The Government is seeking to expand New Zealand’s counter-terrorism legislation following the devastating attacks on the Christchurch mosque in 2019 and the New Lynn mall last year.
Amendments to the Terrorism Suppression Act 2002 and the Terrorism Suppression (Control Orders) Act 2019 will allow the Government to remove ambiguity that might have allowed Brenton Tarrant’s, the man behind the mosque attack, designation as a terrorist to expire.
When a terrorist is imprisoned, the amendments would require the Prime Minister to review the designation every three years to assess whether it is justified.
Expiry of the designation, which under the Act is after three years unless renewed, would be paused and the designation would remain in place while the person was imprisoned until the review was completed.
It also included a refusal to entertain applications to revoke a designation made on the grounds that “the entity is no longer involved in any way in the carrying out of terrorist acts”.
While designations could be renewed under the current legislation, it had so far been unclear how the renewal and revocation processes applied to terrorists in prison.
Tarrant was jailed for life without parole in August, 2020 for murdering 51 Muslims at two Christchurch mosques on March 15, 2019.
He was designated as a terrorist entity on August 27, 2020 – meaning his three-year designation would expire next year, if it wasn’t renewed.
“These amendments provide appropriate safeguards to ensure the designation scheme is effective in addressing the threat of further terrorist acts,” Allan said.
“The proposed changes to the designation and control order schemes are in line with this Government’s commitment to implementing the recommendations of the Royal Commission of Inquiry into the terrorist attack on the Christchurch masjidain.”
Cabinet has also agreed on changes to control orders – civil orders intended to prevent high-risk individuals from engaging in terrorism by imposing various restrictions.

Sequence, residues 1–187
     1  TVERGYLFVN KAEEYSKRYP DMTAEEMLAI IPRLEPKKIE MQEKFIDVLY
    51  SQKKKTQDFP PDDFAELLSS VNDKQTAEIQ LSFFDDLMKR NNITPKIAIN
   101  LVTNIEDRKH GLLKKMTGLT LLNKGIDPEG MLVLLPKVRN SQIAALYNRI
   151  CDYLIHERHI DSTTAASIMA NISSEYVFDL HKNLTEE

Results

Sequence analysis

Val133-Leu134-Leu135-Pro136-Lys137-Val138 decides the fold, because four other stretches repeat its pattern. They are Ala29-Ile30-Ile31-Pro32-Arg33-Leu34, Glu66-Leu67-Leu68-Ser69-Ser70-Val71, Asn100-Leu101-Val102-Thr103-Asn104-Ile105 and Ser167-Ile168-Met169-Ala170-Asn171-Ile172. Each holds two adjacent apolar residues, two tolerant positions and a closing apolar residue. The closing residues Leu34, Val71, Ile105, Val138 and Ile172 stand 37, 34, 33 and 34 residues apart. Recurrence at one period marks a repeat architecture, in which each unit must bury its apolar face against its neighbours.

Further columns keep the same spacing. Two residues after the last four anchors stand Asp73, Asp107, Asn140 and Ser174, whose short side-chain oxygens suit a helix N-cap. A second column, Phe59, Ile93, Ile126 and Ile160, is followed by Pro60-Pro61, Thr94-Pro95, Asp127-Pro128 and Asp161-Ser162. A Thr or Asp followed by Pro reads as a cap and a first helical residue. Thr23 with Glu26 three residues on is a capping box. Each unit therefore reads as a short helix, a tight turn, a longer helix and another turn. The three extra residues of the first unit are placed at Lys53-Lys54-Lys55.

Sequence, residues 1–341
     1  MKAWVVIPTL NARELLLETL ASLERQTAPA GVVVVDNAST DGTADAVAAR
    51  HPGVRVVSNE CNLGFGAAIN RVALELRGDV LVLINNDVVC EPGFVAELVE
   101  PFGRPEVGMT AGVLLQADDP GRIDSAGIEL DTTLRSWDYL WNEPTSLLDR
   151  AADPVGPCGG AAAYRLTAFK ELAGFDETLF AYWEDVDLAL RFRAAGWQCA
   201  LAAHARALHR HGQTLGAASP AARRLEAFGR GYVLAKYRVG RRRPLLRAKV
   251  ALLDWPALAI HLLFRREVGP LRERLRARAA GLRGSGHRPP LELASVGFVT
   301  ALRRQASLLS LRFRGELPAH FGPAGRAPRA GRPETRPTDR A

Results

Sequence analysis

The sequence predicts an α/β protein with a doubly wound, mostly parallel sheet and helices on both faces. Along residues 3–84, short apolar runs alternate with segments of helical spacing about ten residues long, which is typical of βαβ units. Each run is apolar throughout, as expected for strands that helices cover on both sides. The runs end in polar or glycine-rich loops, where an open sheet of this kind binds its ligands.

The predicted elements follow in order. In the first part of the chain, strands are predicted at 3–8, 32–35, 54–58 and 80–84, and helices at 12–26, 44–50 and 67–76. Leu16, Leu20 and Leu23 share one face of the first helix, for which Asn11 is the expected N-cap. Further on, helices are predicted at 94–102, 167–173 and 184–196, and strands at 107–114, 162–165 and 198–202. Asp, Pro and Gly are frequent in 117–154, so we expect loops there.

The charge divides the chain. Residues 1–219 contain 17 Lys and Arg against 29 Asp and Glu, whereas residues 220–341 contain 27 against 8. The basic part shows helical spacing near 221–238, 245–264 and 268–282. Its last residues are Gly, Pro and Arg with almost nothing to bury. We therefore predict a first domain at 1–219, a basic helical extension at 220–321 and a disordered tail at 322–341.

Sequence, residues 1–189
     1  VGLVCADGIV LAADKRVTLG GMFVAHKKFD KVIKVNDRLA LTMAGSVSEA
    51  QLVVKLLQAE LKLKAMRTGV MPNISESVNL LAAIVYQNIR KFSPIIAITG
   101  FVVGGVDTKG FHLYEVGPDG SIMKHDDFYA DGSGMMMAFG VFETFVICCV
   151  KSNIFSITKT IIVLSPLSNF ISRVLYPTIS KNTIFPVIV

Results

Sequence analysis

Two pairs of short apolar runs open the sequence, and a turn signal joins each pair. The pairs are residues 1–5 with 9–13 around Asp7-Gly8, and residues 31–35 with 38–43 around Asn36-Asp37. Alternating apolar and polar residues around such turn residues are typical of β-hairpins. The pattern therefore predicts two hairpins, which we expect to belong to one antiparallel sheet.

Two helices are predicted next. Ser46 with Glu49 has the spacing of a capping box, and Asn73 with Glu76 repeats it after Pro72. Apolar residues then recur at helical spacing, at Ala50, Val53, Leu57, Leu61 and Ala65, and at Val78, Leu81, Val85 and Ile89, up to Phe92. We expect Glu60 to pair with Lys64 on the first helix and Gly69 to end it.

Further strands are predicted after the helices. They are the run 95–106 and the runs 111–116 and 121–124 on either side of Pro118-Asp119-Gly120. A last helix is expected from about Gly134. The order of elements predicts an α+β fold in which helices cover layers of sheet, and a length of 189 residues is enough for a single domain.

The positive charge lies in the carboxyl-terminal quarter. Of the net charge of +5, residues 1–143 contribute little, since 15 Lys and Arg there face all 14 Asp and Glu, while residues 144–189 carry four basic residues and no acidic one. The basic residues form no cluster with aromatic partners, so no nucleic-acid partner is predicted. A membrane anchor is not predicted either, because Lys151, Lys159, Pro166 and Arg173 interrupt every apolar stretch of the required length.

The changes have expanded the criteria so they could be applied to more people.
The changes included people who had received a conviction for objectionable publications that promote torture, extreme violence or cruelty, which is in addition to the current criteria that include a conviction for objectionable publications that promote terrorism.
It will include people sentenced to home detention and community-based sentences, as it is currently limited to sentences of imprisonment.
Greater judicial discretion would be allowed when setting control order restrictions to tailor them more appropriate to the risk posed.
Restrictions can limit a person’s movements, communications and activities; access to the internet, terrorist propaganda or chemicals; use of some financial tools, and more.
They might be required to remain at their home at certain times, to regularly report to an officer, submit to electronic monitoring and drug tests, and only attend a gun range with police present.
Name suppression requirements would also be made more flexible to establish an “appropriate balance” between preventing the glorification of terrorism and notifying the public that a known risk is being managed.
“While no law can ever stop a motivated terrorist from undertaking an attack, these changes will go a long way in preventing, disrupting and limiting their ability to do so,” Allan said.
A review of the control orders legislation would take place next year.
Almost all other parties had been consulted on the legislation. Its first reading would be next week before heading into select committee.